· Kirch Split
William C. Kirch, Photographer ·
Part 2 – Conclusion
During the 1920’s, women’s first names were still mostly missing from newspapers. The publications identified a married woman as either “the wife of” or as “Mrs.”, followed by the initials of her husband’s first and middle name, then his surname. For the most part, married women were forced to agree to play by the unequal rules of the only game in town.
At least the U. S. Federal Census consistently documented some important details. The 1920 Census was taken in Greensburg, Kansas in January. While Mae Besore Kirch didn’t have her maiden name recorded, she did have her occupation. She and William were both listed as “photographer”. Under the column of industry or business, William was listed as “own shop”. May (spelled with a “y”) B. Kirch’s business was “photograph gallery”.
While the census showed the Kirches as sharing business responsibilities, their joint partnership—both in business and in marriage—was ending.
Prior to Christmas, William left Greensburg for a visit to California. Prior to New Year’s, Mae departed for Hutchinson and points further east. It’s unclear if Mae ever returned to live in their modern six-room residence with large shade trees.
On January 22, 1920, the Kiowa County Signal, a Greensburg newspaper, printed this notice: “All parties are hereby warned that I will no longer be responsible for bills contracted by my wife from and after Dec. 23rd 1919 either here or elsewhere. Will Kirch.”
In March, a summons was served on William. In April, Mae filed for divorce in Winfield, KS. Two months later, in June, the divorce was granted. The Arkansas City Daily Traveler noted: “Mae B. Kirch, of Winfield, was given a divorce from William Kirch on the grounds of extreme cruelty.”
Mae Besore Kirch, of Rozel (where she had been married), Pawnee County, Kansas was married again within three months of this divorce.
On September 8, 1920, Mae Besore, age, 30, and Bluford A. Sidener, 58, former president of the Mullinville State Bank (ten miles west of Greensburg), were married in Livingston, Montana. They returned to Kiowa County to live.
William remained single the rest of his life.
William Kirch continued to take photographs; he couldn’t help it. After the divorce he disposed of his last “photo car” that had become an “old eyesore” to at least one newspaper reporter. The once productive vehicle was quickly junked by the new owner.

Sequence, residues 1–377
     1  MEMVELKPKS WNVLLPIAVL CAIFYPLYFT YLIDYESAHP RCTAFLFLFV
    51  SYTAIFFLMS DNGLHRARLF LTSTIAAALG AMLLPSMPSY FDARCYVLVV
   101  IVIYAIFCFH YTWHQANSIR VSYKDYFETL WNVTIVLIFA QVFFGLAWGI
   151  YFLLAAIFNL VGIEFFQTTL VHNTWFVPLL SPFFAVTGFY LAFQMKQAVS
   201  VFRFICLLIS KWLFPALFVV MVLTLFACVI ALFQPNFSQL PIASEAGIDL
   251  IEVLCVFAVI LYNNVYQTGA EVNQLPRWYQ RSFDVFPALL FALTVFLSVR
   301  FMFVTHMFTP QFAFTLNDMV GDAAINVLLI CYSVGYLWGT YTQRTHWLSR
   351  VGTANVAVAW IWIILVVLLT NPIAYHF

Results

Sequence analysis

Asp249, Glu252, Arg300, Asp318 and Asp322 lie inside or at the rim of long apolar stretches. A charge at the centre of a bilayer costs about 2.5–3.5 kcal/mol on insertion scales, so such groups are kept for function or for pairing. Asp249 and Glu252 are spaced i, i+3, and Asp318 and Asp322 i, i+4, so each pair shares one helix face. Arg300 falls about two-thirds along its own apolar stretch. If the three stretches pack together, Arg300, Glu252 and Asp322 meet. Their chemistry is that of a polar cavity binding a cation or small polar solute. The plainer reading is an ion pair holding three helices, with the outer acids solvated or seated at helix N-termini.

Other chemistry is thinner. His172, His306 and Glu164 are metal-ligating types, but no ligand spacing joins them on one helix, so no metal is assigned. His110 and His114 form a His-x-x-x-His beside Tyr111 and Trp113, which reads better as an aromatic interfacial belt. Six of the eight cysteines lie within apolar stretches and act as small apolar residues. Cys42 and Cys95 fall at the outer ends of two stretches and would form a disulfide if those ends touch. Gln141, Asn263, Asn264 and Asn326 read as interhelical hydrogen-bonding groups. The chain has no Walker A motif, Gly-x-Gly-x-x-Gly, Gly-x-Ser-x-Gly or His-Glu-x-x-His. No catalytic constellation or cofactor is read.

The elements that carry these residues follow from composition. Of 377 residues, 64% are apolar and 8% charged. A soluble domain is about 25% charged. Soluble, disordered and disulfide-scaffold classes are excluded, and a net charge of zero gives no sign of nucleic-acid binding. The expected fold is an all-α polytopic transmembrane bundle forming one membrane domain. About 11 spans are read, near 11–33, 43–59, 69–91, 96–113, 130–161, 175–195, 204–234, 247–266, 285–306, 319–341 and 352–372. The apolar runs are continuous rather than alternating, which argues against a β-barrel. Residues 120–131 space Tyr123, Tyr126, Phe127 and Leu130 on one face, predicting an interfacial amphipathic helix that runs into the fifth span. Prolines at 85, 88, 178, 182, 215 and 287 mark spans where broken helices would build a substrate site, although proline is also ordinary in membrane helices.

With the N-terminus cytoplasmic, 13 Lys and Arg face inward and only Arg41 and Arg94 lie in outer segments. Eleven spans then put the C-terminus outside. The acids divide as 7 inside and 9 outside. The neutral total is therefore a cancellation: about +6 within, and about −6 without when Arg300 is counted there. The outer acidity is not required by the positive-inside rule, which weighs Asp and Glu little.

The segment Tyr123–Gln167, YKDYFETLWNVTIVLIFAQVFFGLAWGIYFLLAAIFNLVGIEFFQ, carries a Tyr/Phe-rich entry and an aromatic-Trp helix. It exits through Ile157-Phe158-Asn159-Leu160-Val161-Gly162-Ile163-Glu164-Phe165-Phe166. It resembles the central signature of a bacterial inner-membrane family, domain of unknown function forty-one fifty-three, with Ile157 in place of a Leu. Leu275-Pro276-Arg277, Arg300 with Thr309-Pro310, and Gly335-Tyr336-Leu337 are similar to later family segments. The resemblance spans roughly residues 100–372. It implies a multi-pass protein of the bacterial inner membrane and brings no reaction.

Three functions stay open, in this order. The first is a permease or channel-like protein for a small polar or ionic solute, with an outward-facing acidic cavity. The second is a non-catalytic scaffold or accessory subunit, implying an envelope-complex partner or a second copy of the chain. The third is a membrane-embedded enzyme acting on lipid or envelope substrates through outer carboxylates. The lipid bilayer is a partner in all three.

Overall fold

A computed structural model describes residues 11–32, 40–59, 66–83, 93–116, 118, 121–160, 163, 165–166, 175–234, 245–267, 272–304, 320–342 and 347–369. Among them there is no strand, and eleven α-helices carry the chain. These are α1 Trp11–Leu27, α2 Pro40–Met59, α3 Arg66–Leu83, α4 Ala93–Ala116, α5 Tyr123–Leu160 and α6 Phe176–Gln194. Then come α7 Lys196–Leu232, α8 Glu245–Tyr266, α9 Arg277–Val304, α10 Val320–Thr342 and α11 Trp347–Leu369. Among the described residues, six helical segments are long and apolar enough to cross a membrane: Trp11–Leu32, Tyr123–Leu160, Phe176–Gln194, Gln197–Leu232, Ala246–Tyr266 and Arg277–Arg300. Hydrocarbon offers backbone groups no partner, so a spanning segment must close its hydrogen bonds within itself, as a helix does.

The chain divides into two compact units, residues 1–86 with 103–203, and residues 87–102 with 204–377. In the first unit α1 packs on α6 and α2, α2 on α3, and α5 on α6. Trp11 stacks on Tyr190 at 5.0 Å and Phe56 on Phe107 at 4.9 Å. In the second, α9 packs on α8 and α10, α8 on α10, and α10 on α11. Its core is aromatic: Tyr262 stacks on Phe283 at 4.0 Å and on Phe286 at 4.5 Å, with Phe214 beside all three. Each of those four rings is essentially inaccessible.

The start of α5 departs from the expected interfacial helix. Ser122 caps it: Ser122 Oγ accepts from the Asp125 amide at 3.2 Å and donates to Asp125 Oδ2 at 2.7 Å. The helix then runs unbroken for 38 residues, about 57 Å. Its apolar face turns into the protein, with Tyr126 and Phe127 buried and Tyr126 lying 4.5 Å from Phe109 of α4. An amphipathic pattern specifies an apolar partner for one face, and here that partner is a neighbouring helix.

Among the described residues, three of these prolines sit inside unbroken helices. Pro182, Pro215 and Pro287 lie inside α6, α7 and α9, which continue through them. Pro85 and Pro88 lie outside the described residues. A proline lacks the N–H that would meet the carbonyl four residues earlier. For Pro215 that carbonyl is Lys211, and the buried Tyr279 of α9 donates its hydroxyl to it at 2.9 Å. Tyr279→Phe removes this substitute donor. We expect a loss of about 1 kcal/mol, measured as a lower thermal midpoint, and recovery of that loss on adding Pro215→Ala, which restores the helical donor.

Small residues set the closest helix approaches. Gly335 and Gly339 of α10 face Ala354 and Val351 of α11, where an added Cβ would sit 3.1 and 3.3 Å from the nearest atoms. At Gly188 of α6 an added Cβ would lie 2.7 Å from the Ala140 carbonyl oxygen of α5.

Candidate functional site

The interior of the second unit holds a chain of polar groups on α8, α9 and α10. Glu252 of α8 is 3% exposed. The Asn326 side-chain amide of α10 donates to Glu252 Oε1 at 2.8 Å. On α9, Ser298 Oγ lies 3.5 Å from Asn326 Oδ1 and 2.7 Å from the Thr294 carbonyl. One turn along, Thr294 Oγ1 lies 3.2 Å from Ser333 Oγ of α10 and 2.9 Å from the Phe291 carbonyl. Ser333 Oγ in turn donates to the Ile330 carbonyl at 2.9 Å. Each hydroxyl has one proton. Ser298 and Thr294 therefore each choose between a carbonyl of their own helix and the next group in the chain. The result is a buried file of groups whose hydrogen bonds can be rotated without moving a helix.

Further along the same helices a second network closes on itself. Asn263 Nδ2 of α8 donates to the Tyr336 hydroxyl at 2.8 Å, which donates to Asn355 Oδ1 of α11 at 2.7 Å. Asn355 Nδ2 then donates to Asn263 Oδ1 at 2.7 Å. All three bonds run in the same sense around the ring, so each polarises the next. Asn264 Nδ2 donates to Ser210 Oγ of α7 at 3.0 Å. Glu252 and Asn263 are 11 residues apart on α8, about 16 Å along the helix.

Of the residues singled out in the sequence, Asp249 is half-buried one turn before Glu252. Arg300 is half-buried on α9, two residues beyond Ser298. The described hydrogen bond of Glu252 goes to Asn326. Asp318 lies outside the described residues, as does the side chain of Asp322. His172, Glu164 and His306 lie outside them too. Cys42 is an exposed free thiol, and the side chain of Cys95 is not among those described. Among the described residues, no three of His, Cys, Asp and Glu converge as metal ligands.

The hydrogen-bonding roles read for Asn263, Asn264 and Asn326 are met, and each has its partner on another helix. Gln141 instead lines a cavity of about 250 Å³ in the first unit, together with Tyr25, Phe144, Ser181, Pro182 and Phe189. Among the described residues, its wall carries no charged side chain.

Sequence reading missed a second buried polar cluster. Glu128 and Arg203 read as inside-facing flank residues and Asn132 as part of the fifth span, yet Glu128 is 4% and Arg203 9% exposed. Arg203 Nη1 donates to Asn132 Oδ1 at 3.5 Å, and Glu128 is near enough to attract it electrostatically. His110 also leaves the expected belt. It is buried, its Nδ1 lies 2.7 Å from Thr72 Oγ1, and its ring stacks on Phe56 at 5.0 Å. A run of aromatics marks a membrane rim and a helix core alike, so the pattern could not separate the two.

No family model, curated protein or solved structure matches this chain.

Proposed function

Will was done with his walk-in photography business at Greensburg. However, he still enjoyed taking pictures of harvest crews, cattle ranches, and oil wells around western Kansas, and Dighton was always a special place to him.
Most likely, while living in LaCrosse as a youngster, Kirch became friends with the three Conard boys who became professional photographers. Eventually the siblings settled in different Kansas communities. William (also WB) chose Larned; Abner (AB), LaCrosse; and Frank (or FD), Garden City.
WB of the Conard Studio in Larned had temporarily hired Kirch in early 1914 as a promotion to take house portraitures.
In the later 1920’s, some of Kirch’s photos are identified as Conard-Kirch. Certainly, Will and his old friend Frank D. Conard, Garden City, had partnered up so Will could take his panoramic pictures of Kansas country. The photographs, sixteen inches wide and six inches high, were just the right shape for the level country landscape.
Most likely, 1929 was the final year of the Conard-Kirch partnership because that was when Kirch moved to Wood, South Dakota, where his brother Fred lived. Kirch began work with the Rise Studio, Rapid City, as a commercial photographer. Photos from this era display “Rise Studio, Kirch” identifiers. However, as expected, some of his photos of the Badlands of South Dakota are credited solely to an independent Kirch. One South Dakota postcard even shows a different business alliance;“Kirch-Woodson” is printed in the right-hand bottom corner.
By 1936, Kirch was again in Dighton taking photos, especially at the town’s 50th year anniversary celebration. He had returned to his earlier stomping grounds, at least temporarily. The federal census in 1940 also documents his presence.
William Kirch died in 1944 after helping with a Kansas milo harvest near Dighton. On November 8 he passed on as a result of doing what he loved, interacting with the outdoors. I’ll always wonder if he had a camera nearby, ready to capture one last image of the land he loved.
Despite his long personal connection with the people of Dighton, Kirch is buried in Locust Hill Cemetery, Rush Center, Rush County near his parents and one of his brothers.
William C. Kirch’s photographs and postcards live on today documenting earlier times, mostly of Kansas, displaying his excellent eye.
Until next time, happy writing and reading!
I appreciate Sonya (Reed) Thomas, Lane County Historical Museum for sharing the photos of Mae Besore Kirch and William Charles Kirch.
Matthew T. Reitzel, South Dakota State Historical Society, provided me direction to the South Dakota Digital Archives.
Stephanie A. Humphries, Cowley County Historical Society, and Lou Tharp helped confirm that Wm. Kirch and Mae B. Kirch of Greensburg were indeed the same Kirches who were divorced in the District Court of Cowley County.
Pat Bussen willingly shared his eye-popping, weather-related photograph of the church building taken during a storm chasing moment. Thanks, Pat.
Thanks to Cameron Herrell for his community service by taking photos of headstones and posting them on Find-A-Grave.
Thanks to Morgan Williams for sharing so many postcard images, telling the stories of the pictures, and asking unanswerable questions.
I also appreciate the remarkable work that Patrick Clement has done on researching and collecting invaluable information and material about Frank D. Conard and William C. Kirch. The family tree he’s posted on ancestry.com helps me better understand the many layers of connections.